Dr Steven Loffler of CSIRO Forest Biosciences says his team made changes to the chemical process, which allowed it to create a concentrated bio-crude which is much more stable than that achieved elsewhere in the world. This makes it practical and economical to produce bio-crude in local areas for transport to a central refinery, overcoming the high costs and greenhouse gas emissions otherwise involved in transporting bulky green wastes over long distances (previous post, here and here).
Our process creates a stable oil that can then be tankered to the biorefinery. - Dr Steven Loffler, Theme Leader CSIRO Forest Biosciences
The process uses low value waste such as forest thinnings, crop residues, waste paper and garden waste, significant amounts of which are currently dumped in landfill or burned. According to Dr Loffler, by using waste, the 'Furafuel' technology as it has been dubbed, overcomes the food versus fuel debate which surrounds biofuels generated from grains, corn and sugar.

The project forms part of CSIRO’s commitment to delivering cleaner energy and reducing greenhouse gas emissions by improving technologies for converting waste biomass to transport fuels:
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The plant wastes being targeted for conversion into biofuels contain chemicals known as lignocellulose, which is increasingly favoured around the world as a raw material for the next generation of bio-ethanol.

Lignocellulose is both renewable and potentially greenhouse gas neutral. It is predominantly found in trees and is made up of cellulose; lignin, a natural plastic; and hemicellulose.

CSIRO and Monash University will apply to patent the chemical processes underpinning the conversion of green wastes to bio-crude oil once final laboratory trials are completed.

The research to date is supported by funding from CSIRO’s Energy Transformed Flagship program, Monash University, Circa Group and Forest Wood Products Australia.

National Research Flagships CSIRO initiated the National Research Flagships to provide science-based solutions in response to Australia’s major research challenges and opportunities. The nine Flagships form multidisciplinary teams with industry and the research community to deliver impact and benefits for Australia.

Picture: forestry waste and wood as an abundant lignocellulosic feedstock for bio-crude oil, set to end the food versus fuel debate. Credit: CSIRO.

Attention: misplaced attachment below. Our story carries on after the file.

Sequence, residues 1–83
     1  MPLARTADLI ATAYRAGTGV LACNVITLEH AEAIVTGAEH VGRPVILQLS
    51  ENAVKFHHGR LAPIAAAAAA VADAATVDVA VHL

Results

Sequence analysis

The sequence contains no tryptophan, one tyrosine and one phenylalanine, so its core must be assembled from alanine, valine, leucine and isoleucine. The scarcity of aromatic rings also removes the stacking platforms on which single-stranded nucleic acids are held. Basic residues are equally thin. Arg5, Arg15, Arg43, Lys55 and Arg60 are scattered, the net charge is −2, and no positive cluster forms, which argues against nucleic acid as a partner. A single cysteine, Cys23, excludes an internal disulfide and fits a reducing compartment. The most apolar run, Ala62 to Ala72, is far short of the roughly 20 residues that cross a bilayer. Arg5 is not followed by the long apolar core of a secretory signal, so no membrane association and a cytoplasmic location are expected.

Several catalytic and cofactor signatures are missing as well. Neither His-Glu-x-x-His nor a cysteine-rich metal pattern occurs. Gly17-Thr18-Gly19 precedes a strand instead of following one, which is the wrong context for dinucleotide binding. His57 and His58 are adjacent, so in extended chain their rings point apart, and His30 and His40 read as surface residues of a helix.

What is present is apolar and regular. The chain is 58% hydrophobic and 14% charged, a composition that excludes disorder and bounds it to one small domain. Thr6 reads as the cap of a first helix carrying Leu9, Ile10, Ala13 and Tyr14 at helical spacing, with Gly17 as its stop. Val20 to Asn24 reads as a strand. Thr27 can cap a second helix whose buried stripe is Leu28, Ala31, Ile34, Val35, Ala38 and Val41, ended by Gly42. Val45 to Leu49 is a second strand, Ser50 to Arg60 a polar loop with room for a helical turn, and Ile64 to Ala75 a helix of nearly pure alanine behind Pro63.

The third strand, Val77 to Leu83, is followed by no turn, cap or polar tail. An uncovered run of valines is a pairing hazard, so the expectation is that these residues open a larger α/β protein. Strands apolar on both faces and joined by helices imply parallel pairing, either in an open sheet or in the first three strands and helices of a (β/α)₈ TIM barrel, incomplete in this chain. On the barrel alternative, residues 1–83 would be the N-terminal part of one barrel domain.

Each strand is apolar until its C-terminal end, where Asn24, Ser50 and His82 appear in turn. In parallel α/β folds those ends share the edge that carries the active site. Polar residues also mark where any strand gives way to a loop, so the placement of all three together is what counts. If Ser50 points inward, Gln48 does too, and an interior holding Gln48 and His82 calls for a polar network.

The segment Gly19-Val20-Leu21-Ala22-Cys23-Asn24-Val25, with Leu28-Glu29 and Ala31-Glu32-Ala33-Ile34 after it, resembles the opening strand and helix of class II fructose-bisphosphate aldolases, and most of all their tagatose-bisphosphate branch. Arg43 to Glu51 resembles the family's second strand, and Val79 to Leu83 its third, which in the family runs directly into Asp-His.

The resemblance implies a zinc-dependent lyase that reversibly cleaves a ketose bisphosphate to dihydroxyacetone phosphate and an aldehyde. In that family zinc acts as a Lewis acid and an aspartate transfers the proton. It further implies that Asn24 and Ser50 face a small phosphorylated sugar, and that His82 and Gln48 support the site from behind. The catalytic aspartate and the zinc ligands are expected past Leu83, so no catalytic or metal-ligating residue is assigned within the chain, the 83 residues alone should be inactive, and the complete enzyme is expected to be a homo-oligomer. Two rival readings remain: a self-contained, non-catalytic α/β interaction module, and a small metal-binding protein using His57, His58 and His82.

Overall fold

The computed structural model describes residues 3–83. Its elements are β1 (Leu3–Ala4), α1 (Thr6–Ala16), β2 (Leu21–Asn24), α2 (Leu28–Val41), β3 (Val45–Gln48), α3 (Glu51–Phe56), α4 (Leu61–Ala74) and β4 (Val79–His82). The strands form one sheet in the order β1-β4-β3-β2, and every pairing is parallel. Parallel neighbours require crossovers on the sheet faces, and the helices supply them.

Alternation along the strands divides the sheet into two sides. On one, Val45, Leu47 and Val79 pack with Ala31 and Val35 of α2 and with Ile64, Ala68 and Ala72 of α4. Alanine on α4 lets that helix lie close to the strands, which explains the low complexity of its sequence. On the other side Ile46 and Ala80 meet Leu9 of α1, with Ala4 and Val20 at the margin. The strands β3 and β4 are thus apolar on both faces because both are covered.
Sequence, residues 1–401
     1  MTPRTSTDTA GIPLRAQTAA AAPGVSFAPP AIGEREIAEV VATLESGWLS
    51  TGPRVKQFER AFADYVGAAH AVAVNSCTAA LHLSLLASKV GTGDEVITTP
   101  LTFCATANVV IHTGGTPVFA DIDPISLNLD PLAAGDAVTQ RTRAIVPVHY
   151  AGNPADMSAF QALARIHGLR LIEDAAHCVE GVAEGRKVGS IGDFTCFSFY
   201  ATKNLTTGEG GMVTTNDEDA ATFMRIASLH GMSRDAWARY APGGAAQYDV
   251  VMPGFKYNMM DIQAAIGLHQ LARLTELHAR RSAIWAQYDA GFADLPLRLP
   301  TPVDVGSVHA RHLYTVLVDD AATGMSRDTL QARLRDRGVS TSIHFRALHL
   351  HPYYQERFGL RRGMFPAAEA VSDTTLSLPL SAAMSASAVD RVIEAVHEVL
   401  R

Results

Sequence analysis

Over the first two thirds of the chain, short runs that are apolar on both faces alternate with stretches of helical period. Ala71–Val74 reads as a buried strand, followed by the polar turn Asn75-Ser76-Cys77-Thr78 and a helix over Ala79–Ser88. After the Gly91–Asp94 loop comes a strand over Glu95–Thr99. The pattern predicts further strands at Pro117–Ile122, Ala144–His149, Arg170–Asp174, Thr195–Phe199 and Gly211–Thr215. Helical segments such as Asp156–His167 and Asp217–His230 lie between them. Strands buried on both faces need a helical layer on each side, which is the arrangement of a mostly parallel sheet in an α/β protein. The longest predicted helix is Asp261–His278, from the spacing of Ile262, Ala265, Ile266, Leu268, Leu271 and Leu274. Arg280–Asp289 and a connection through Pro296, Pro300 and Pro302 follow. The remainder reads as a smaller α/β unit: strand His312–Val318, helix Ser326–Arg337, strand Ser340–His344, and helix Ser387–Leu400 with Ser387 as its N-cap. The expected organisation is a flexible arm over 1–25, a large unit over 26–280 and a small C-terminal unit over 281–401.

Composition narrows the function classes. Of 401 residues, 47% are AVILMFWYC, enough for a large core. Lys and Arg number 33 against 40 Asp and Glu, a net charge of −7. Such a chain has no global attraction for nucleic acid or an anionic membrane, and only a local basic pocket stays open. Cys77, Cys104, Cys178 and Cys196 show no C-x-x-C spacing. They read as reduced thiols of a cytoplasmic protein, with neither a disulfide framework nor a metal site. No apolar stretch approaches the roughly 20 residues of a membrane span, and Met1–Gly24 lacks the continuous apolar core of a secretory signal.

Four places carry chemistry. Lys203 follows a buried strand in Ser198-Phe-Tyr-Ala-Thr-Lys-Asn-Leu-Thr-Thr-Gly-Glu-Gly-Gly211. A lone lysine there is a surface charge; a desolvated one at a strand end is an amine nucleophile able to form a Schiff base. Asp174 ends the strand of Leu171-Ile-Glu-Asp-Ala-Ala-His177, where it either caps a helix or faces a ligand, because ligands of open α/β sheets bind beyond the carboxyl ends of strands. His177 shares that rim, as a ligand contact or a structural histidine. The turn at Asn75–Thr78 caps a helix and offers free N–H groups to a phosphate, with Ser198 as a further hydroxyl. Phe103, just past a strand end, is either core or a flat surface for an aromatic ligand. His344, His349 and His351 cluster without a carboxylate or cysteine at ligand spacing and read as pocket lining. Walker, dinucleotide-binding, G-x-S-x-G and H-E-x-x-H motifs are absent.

CSIRO: Bio-crude turns cheap waste into valuable fuel - February 4, 2008.

Biopact: Dynamotive demonstrates fast-pyrolysis plant in the presence of biofuel experts - September 18, 2007

Biopact: Dynamotive begins construction of modular fast-pyrolysis plant in Ontario - December 19, 2006

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EU, US, Brazil release report on biofuels specifications to expand trade

The governments of the United States, Brazil and the European Union (EU) — the world’s major producers of biofuels — have released an analysis of current biofuel specifications with the goal of facilitating expanded trade of these renewable energy sources. Spurred by increased market demands, this report was solicited by the U.S. and Brazilian governments and the European Commission (EC) on behalf of the EU, with the work conducted by an international group of fuel standards experts.

Biofuels — derived from biological materials such as plants, plant oils, animal fat and microbial byproducts — are gaining popularity worldwide as both energy producers and users seek ways to reduce greenhouse gas emissions, move away from dependence on fossil fuels and invigorate economies through increased use of agricultural products. As a result, biofuels are becoming an increasingly important commodity in the global marketplace.

One potential obstacle to achieving greater efficiency in the global biofuels market is confusion over differing—and sometimes conflicting — standards for characterizing the make-up and properties of biofuels. To clarify the current situation and identify potential roadblocks to improved compatibility, the U.S. and Brazilian governments and the EC convened a task force of experts from standards developing organizations (SDOs) to compare critical specifications in existing standards used globally (factors such as content, physical characteristics and contaminant levels that govern a fuel’s quality) for pure bioethanol and biodiesel, two key biofuels.

The "White Paper on Internationally Compatible Biofuels Standards" [*.pdf] they published identifies where key specifications in the standards are:
  • Specifications that are similar among all three regions and can be considered compatible